Nowadays there are not many places where to study the traditional ways of stained glass making. Despite this fact, stained glass is frequently used for home accessories and interior design elements. Whether if it’s a lamp or a window, a piece of stained glass will always add a finishing touch to your home.
Keith Londrie II is the Webmaster of Stained-glass-info.info, a website that specializes in providing information on stained Glass that you can research on the internet. (This site no longer exists, hence we’ve removed the link. )
There is an absolutely beautiful [tag]cathedral in Spokane, WA[/tag], the [tag]Cathedral of St. John the Evangelist[/tag], that has some gorgeous [tag]stained glass windows[/tag]. If you are lucky enough to live nearby, or if you travel to Spokane this is one spot you should not miss. You can take a guided tour of the cathedral. I took the tour this week and I greatly enjoyed it.
There are numerous stained glass windows, many huge windows (over 24 feet tall) many smaller stained glass windows, and a beautiful mosaic inside the cathedral. The stained glass [tag]rose window[/tag] in the west is superb. It is a classic high gothic design.
The cathedral itself is a splendid example of [tag]gothic architecture[/tag]. I took some pictures of the Cathedral of St. John inside and out and you can view a few of them here.
On the St. John’s Cathedral website they have an article about stained glass in general and about the St. John’s Cathedral stained glass windows in particular. They describe the windows in detail.
Their website also has a pictorial display/slide show illustrating how the new cathedral stained glass windows were built. It is fascinating to see all of the steps involved with this project and is well worth viewing. To view it visit their Online Resources page and click on the link: See how the New Cathedral Stained Glass Windows are built!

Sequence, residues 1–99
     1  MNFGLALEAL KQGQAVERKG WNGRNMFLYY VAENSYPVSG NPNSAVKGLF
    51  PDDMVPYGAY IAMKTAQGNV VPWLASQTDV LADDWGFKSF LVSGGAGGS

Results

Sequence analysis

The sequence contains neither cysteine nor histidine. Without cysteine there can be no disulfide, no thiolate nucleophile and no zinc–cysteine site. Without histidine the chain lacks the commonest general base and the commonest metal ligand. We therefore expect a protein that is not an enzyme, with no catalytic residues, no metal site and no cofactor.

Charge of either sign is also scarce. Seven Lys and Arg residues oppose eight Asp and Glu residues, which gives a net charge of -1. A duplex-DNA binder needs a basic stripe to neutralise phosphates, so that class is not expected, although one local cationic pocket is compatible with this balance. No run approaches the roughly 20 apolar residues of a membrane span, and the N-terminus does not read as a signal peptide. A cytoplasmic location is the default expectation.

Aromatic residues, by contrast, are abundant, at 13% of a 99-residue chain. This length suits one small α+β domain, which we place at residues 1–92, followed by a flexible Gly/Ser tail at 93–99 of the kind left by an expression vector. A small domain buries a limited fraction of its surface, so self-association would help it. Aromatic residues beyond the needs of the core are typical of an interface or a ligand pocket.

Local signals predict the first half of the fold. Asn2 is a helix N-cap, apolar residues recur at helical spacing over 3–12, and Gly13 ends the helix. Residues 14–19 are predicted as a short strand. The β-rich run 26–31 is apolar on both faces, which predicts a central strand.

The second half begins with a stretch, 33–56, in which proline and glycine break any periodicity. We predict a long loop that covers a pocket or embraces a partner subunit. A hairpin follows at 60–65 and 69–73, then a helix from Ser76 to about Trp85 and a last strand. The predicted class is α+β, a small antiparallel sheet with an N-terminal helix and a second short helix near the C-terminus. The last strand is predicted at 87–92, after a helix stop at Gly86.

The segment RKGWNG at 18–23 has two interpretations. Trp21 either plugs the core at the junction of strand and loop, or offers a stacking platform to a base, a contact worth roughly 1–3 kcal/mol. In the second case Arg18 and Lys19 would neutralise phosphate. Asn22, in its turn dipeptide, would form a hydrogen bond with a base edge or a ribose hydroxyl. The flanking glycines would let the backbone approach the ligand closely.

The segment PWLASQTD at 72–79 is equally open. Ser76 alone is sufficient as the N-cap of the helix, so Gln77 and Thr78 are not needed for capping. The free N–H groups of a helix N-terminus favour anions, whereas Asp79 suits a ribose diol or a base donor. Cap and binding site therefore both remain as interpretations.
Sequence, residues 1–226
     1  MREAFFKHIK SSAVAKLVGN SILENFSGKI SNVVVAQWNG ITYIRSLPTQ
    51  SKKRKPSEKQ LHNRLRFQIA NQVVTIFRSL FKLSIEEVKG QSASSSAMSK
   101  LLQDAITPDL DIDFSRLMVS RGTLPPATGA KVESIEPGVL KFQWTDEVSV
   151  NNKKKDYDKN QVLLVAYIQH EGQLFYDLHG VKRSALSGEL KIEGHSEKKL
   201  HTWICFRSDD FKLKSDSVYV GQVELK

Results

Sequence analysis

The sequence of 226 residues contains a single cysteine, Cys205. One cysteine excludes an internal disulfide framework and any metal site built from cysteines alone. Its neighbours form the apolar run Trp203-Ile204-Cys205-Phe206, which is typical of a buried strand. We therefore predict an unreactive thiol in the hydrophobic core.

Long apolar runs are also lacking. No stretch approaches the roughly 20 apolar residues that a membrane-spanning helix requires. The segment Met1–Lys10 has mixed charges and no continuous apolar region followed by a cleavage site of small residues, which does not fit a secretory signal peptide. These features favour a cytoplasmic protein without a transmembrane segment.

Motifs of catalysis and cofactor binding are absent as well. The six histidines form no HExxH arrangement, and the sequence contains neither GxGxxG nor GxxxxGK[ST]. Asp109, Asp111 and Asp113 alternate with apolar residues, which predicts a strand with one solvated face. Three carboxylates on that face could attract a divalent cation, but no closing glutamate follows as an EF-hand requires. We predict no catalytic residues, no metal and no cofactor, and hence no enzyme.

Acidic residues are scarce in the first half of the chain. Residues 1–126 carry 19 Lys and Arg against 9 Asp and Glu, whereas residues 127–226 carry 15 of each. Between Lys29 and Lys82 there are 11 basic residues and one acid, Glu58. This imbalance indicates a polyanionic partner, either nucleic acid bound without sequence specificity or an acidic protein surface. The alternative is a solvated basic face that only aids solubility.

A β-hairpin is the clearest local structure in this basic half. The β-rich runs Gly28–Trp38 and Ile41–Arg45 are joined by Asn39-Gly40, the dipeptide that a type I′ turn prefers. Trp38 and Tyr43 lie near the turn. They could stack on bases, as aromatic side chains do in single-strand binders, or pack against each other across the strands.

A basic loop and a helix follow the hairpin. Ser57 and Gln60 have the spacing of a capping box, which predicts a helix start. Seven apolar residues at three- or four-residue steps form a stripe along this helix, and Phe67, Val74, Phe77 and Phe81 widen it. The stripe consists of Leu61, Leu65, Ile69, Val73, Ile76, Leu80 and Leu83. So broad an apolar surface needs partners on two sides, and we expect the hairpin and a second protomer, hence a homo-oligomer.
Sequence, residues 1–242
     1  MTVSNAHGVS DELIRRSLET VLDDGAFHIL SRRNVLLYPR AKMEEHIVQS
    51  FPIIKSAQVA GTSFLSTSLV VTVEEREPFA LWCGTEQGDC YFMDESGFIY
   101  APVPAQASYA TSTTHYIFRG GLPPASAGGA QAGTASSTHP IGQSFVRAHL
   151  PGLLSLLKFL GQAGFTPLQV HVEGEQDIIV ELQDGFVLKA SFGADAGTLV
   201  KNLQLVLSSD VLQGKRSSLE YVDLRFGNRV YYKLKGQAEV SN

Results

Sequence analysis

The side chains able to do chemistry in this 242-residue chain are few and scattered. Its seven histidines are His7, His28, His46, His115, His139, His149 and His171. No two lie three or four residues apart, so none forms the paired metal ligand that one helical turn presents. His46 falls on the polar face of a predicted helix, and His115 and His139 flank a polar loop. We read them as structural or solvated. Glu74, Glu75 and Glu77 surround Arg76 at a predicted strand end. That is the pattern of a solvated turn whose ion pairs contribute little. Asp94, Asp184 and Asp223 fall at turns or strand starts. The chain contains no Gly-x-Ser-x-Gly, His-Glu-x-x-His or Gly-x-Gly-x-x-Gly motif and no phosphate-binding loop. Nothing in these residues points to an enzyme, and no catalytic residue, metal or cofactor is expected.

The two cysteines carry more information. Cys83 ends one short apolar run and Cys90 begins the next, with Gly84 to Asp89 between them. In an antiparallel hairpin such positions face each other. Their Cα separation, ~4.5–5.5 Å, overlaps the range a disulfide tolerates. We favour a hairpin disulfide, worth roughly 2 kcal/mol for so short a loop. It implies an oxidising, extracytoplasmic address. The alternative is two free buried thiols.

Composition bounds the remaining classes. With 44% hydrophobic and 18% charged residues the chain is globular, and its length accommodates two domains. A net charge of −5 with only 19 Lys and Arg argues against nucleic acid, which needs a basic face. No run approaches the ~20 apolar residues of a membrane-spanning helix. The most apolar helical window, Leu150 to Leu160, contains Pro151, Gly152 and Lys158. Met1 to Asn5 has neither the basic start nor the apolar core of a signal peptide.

Enjoy these beautiful windows!
We have just posted a page of links to articles on the history of glass in general and the history of stained glass in particular. There is also a listing of links to various museums with stained glass exhibits. Some of the museums have good photos of their stained glass exhibits that can be viewed online.
The articles make interesting reading and add to the stained glass artist’s appreciation of this fascinating medium. Viewing the historic examples of stained glass art by masters of the genre also provides inspiration. So visit our page and get inspired, then come and review our free stained glass patterns and select one and begin making your own personal stained glass museum.
I have RobertOddy.com bookmarked in my [tag]stained glass[/tag] artists section in the folder entitled “Simply Amazing.” I have been a fan since I first saw his work.
Bob Oddy is a frequent/regular contributor to Glass Patterns Quarterly, which means that you can obtain some of his patterns along with his instructions on creating one of these masterpieces from that publication.
Bob Oddy is best known for the illusion of depth he creates in his work by plating multiple layers of glass. He also incorporates bark and carved wood into some of his work.
[tag]Bob Oddy[/tag] is self-taught. Because he wasn’t taught what “can’t be done,” he often does the un-doable, to great effect. For example, his first stained glass panel “Bamboo,” diverges significantly from the standard, accepted methods of stained glass construction.
As Jim Matthews writes,
. . .the moon gets its shape from multiple glass pieces — but they are unattached, not leaded or foiled together. Oddy carefully ground the pieces to diminish shiny edges, then butted them together to create invisible seams. . .
For the full article see “Artist Profile: Robert N. Oddy,” by Jim Matthews, The Score, Issue No. 60, Sept 15, 1997.
Visit Bob Oddy’s website to view his gallery of works and read his collection of articles, some of which include descriptions of the techniques he uses in his exceptional works of [tag]glass art[/tag].
Sunset Station Hotel & Casino’s Gaudi Bar Stained Glass Ceiling